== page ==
PETALING JAYA: The legal fraternity will be casting a keen eye over how the Federal Court addresses issues of conflict of interests affecting two judges who presided over Najib Razak’s SRC International corruption trial and appeal.
A five-member panel of the apex court is set to rule Friday whether the apex court will review its decision affirming Najib Razak’s conviction and sentence in the SRC International corruption case.
Najib was tried in the High Court by Justice Nazlan Ghazali on seven counts of abuse of power, criminal breach of trust and money laundering involving RM42 million in funds belonging to SRC.
On July 28, 2020, Nazlan convicted and sentenced him to 12 years’ imprisonment and a fine of RM210 million.
That conviction and sentence was upheld, first by the Court of Appeal on Dec 8, 2021, and then by a five-member panel of the apex court chaired by Chief Justice Tengku Maimun Tuan Mat on Aug 23 last year.
Nazlan not impartial?
Najib’s lawyers argue that he is entitled to a review as Nazlan ought not to have presided over the trial.
In submissions filed, Najib’s defence team claimed the prosecution and Nazlan had concealed evidence from the defence, resulting in a “grave miscarriage of justice” to the former prime minister.
“(Justice Nazlan) had a serious conflict of interest relating to his previous job as general counsel and company secretary for Maybank Berhad and its group,” solicitors Shafee & Co said in their written submissions.
“In that position, (he) had personal knowledge of matters involving the establishment and infrastructure and governance of the SRC company, personally knew and managed a loan given to 1MDB (which is the parent company of SRC) and (had) personal knowledge (of) a RM140 million loan taken by Putra Perdana Development Sdn Bhd, which is the source of the RM42 million.”
Najib’s defence team also contends that the prosecution’s actions were “against the interest of justice”.
“The prosecution had knowledge of the said evidence and never attempted to adduce it for the SRC trial.
“This goes against the basic principle of a fair trial where evidence available, whether favourable or not, should be given to each party in the interest of justice,” the submissions said.
The prosecution’s actions suggest “they knew about the conflict of interest” and “attempted to hide (from the defence) documents that were readily available”.
“The clear suppression of evidence has led to the tainting of the integrity of the (trial) court,” leading to a “wrong and unjust” decision, the defence lawyers said.
Likewise, the lawyers claim Nazlan himself “wilfully failed to disclose his role and involvement” in Maybank Investment Bank, which was involved in setting up SRC through Bina Fikir Sdn Bhd.
The Maybank group received RM800,000.00 in fees from 1MDB for their services, the submissions noted.
Furthermore, Nazlan’s position as Maybank’s general counsel and company secretary meant that he would have had “actual or constructive knowledge” of a RM140 million loan to Putra Perdana Development.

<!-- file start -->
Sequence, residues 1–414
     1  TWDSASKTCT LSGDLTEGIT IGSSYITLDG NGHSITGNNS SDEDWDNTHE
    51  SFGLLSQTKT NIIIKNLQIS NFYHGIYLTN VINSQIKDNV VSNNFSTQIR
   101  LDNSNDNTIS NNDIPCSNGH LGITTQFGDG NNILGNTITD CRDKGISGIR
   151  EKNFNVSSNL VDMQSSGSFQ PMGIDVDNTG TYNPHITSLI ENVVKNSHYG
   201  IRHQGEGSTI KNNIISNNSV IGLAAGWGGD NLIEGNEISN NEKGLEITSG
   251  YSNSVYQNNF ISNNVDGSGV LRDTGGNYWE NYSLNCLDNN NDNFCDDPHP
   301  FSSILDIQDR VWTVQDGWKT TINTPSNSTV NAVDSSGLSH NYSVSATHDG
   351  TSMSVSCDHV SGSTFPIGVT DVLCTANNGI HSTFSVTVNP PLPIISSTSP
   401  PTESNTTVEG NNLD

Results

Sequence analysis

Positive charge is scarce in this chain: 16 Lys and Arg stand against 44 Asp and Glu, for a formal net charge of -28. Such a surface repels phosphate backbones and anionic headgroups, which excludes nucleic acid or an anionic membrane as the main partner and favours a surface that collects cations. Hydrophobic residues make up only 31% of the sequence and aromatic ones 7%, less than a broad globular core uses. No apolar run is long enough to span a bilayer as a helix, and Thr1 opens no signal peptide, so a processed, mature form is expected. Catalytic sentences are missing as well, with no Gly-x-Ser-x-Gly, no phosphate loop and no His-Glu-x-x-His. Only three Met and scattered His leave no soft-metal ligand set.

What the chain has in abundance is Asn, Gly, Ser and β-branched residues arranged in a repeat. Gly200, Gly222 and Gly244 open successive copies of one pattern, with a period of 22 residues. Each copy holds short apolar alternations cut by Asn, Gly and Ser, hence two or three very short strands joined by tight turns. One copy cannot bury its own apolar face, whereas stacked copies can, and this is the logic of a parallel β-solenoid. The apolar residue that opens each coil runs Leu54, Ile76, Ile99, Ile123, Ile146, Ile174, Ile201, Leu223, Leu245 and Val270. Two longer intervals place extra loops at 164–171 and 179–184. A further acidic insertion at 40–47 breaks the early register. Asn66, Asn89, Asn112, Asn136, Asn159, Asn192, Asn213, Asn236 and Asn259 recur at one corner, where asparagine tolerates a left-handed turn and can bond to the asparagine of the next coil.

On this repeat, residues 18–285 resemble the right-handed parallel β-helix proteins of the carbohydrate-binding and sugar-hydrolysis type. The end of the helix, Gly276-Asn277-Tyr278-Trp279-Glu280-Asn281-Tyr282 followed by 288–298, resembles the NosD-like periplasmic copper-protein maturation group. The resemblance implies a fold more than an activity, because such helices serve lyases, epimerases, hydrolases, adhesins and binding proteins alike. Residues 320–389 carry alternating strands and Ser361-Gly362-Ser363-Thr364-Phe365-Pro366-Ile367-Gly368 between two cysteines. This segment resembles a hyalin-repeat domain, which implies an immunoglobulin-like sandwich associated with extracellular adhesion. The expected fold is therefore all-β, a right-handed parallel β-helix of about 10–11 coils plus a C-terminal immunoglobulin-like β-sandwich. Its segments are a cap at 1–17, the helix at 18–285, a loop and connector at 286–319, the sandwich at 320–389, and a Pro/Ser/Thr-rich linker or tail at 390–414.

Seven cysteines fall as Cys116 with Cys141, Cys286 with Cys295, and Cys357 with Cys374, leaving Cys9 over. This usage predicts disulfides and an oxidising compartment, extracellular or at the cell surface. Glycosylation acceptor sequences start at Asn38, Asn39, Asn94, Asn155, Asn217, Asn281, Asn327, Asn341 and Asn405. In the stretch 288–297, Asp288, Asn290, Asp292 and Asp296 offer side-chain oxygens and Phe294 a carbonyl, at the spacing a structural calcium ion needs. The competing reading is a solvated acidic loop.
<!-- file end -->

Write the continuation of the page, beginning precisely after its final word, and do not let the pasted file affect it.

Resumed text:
The submissions also claim that Najib’s affidavit in support shows Nazlan participated in the bank’ “deliberation and decision-making” in respect of a loan facility of RM4.17 billion extended to 1MDB for the acquisition of Tanjong Energy.
As a result, they said, the judge was a potential witness in the case.
Nazlan’s “non-disclosure” of his “special knowledge and involvement in transactions and events” affecting the SRC case has deprived Najib of his right to challenge Nazlan’s impartiality as trial judge, they said.
There was a likelihood that Nazlan might not be “impartial or independent”, which “severely compromised” Najib’s right to a fair trial, the submissions added.
Najib filed the application through his solicitors on June 7 last year.
It was heard over two days and dismissed by the apex court on Aug 16.
Tengku Maimun in conflict?
Najib is also challenging the apex court’s dismissal on Aug 23 of his application to recuse Tengku Maimun from presiding over his final appeal.
Tengku Maimun ought not to have heard and decided the recusal motion, which concerned her personally, they contend.
Doing so “created an improper interference with the course of justice because there is a possibility that a judge would not be objective enough to know whether she or he is biased”, their submissions claimed.
Discounting Tengku Maimun, whose participation was “defective”, the remaining four judges would not constitute a valid quorum under Section 74(1) of the Courts of Judicature Act 1964, they said.
Section 74(1) provides that “every proceeding in the Federal Court shall be heard and disposed of by three judges or such greater uneven number of judges as the Chief Justice may in any particular case determine”.
Najib’s lawyers contend that Tengku Maimun ought to have recused herself as her husband, Zamani Ibrahim, had previously published postings on social media which suggested he “harboured negative sentiments” towards Najib by implicating the former prime minister in 1MDB losses.
They also took issue with the speed at which the recusal application was dealt with, “without giving sufficient opportunity for parties to make preparations such as exchanging affidavits and submissions”.
Did the circumstances give rise to what the defence team called an “unholy haste” to dispose of both the recusal application and the appeal proper?
We should know this and more when the five-member Federal Court panel delivers its decision tomorrow.
The panel hearing Najib’s application for leave to review the Federal Court’s dismissal of his appeal is led by Chief Judge of Sabah and Sarawak Abdul Rahman Sebli.
Also on the bench are Justices Vernon Ong, Rhodzariah Bujang and Nordin Hassan, and Abu Bakar Jais, who has been co-opted from the Court of Appeal.
Najib is presently serving his prison sentence, which began on Aug 23, 2022 immediately following the Federal Court’s dismissal of his final appeal.